Flow cytometry standards are needed to ensure effective diagnosis and treatment

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Flow cytometry is an incredibly powerful technique that has been used for decades to measure the physical and chemical characteristics of populations of cells, constituents of cells, and other small particles of biological and nonbiological origin. As the uses of this technology have expanded, so too has the need for standardization in measurement parameters.

An emerging application space for flow cytometry is across the regenerative medicine and advanced therapy fields.
In flow cytometry, particles flow in single file through the detection region, where they are counted as part of a population. Each population can be separated and collected downstream, if desired. The technique has become a critical tool in clinical diagnostics, in the development and testing of advanced therapeutics such as cell and gene therapies and new vaccines, and in cancer research and diagnosis.

Continuous improvements in the technique’s hardware and software, as well as in labeling and dye components, have enabled the detection of increasingly smaller and/or dimmer objects, along with simultaneous measurements of multiple biomarkers, through high-dimensional, multiple-channel cytometry. Similarly, combining flow cytometry with fluorescence in situ hybridization or other imaging modalities provides unique opportunities to gain insights into biological processes such as cell-cell interaction, virus infection of a host cell, and more. However, few measurement standards exist for evaluating the accuracy of results.

The National Institute of Standards and Technology (NIST) has deep expertise in fluorescence measurements and has been supplying high-accuracy measurements to the research community for nearly 20 years. Under the auspices of the NIST Flow Cytometry Quantitation Consortium, the agency has been primarily focusing on providing measurement capabilities and services to calibrate the fluorescence signal using microspheres or beads according to a unit called the equivalent number of reference fluorophores (ERF). This process will make the measurements traceable to the International System of Units (SI).

An emerging application space for flow cytometry is across the regenerative medicine and advanced therapy fields. Advancements in cell and gene therapies are revolutionizing health care by providing curative treatments for previously untreatable diseases. Flow cytometry has been applied to measure a number of quality attributes, or critical quality attributes, for a given cell product. For example, flow cytometry can be used to establish identification by distinguishing various cell populations; to determine the cell count, viability, and potency; and to assess the product purity, free from extraneous materials. However, a major challenge is the lack of reproducibility and comparability of results across various flow cytometry platforms.

NIST has launched the Flow Cytometry Standards Consortium to help develop standards and measurements to support the discovery and manufacture of these groundbreaking therapies.

The NIST-led consortium provides a neutral forum for stakeholders in the biotechnology and health care sectors to identify and address common measurement challenges, exchange ideas, and jointly accelerate the development of standards and reference materials for quantitative flow cytometry. The scientific and research community can benefit from NIST’s expertise in measurement sciences to supply reliable solutions with built-in high accuracy and confidence in measurements. In addition to the agency’s robust flow cytometry capabilities, NIST has built a state-of-the-art measurement infrastructure for deep characterization of cells and their functions using multiomics technologies (genome, transcriptome, proteome, etc.).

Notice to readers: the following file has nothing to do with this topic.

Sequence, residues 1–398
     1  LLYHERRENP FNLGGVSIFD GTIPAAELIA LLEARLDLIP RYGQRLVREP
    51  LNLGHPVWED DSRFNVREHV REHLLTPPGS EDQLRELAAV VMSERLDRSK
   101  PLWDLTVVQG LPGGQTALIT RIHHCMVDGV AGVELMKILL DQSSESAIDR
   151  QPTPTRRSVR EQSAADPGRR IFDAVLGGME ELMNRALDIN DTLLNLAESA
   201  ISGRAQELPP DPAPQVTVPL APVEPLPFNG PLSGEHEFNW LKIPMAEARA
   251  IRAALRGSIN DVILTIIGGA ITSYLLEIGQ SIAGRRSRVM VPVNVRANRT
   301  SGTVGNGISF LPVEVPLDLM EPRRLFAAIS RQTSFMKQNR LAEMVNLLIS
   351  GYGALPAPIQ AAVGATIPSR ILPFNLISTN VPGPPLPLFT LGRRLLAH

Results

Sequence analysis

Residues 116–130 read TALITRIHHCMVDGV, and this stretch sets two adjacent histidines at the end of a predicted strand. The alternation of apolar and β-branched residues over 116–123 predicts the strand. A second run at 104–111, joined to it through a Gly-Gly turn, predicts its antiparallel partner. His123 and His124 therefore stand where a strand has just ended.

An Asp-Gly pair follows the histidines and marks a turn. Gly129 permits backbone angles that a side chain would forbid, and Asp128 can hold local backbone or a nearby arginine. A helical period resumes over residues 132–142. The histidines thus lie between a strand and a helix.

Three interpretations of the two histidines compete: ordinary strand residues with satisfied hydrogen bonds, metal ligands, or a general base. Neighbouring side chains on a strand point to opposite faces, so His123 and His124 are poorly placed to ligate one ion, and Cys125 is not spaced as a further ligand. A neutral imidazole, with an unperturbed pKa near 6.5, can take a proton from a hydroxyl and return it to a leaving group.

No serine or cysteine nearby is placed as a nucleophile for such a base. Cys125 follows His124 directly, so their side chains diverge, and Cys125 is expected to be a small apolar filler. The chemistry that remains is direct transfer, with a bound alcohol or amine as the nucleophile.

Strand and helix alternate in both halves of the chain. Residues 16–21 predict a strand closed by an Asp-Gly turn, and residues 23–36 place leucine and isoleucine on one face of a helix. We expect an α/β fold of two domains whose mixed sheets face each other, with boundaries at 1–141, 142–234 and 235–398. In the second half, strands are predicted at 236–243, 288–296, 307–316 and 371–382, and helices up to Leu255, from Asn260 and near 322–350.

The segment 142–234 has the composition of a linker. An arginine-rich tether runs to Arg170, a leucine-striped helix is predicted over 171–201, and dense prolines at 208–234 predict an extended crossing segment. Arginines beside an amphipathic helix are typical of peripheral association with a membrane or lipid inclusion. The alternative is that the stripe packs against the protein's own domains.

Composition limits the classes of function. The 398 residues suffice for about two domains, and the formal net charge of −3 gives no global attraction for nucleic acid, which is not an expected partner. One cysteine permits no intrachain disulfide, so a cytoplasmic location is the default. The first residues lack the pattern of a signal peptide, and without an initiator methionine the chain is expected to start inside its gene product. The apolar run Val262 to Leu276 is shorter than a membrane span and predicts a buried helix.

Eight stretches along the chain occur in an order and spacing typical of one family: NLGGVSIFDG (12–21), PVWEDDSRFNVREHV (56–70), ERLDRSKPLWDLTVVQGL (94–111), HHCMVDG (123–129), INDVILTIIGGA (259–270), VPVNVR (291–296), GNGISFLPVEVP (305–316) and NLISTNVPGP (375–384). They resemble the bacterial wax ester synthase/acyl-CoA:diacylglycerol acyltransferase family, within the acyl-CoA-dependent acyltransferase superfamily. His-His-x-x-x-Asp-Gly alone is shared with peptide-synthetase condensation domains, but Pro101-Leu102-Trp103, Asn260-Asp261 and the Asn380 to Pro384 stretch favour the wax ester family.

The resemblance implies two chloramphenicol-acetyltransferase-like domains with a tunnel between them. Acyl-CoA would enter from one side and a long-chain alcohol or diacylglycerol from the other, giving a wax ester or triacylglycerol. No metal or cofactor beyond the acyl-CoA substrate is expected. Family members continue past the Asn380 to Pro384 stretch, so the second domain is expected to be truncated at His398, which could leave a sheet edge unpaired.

The consortium expects to develop measurement solutions, standards, and best practices for flow cytometry that will enable more accurate quantitation and improved reproducibility and comparability of measurement results. These capabilities will ultimately accelerate the translation of modalities in research into new treatments for patients.

The Flow Cytometry Standards Consortium Workshop was coordinated by NIST on Feb. 16-17 for an online, open public discussion of current efforts, needs, gaps, and consortium opportunities. The workshop presentations and a recording can be found at cytometry-standards-consortium-workshop.

Meet the author

Lili Wang, Ph.DLili Wang, Ph.D., is a senior research scientist at the Biosystems and Biomaterials Division of NIST. She is a world-leading expert in quantitative flow cytometry, which is a critical technique for diagnostics and advanced therapeutic development. She serves as the technical lead/manager for the NIST Flow Cytometry Standards Consortium — a major public-private partnership with key stakeholders from other agencies, industry, and academia — where she and her team work with consortium members to address pressing measurement and standards needed for bioassays, including SARS-CoV-2 antibody testing for diagnostics, vaccine testing, and surveillance. She obtained her doctorate in chemistry from the University of Notre Dame in 1996 and joined NIST in 1998.

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Published: June 2021
flow cytometry
A method of measuring the characteristics of microscopic particles, usually cells, as they flow in a fluid stream through a beam of light. Particles may be stained with fluorescent dye and the fluorescence detected via laser illumination.
flow cytometryfluorescence in situ hybridizationNational Institute of Standards and TechnologyNIST Flow Cytometry Quantitation ConsortiumBioOpinion

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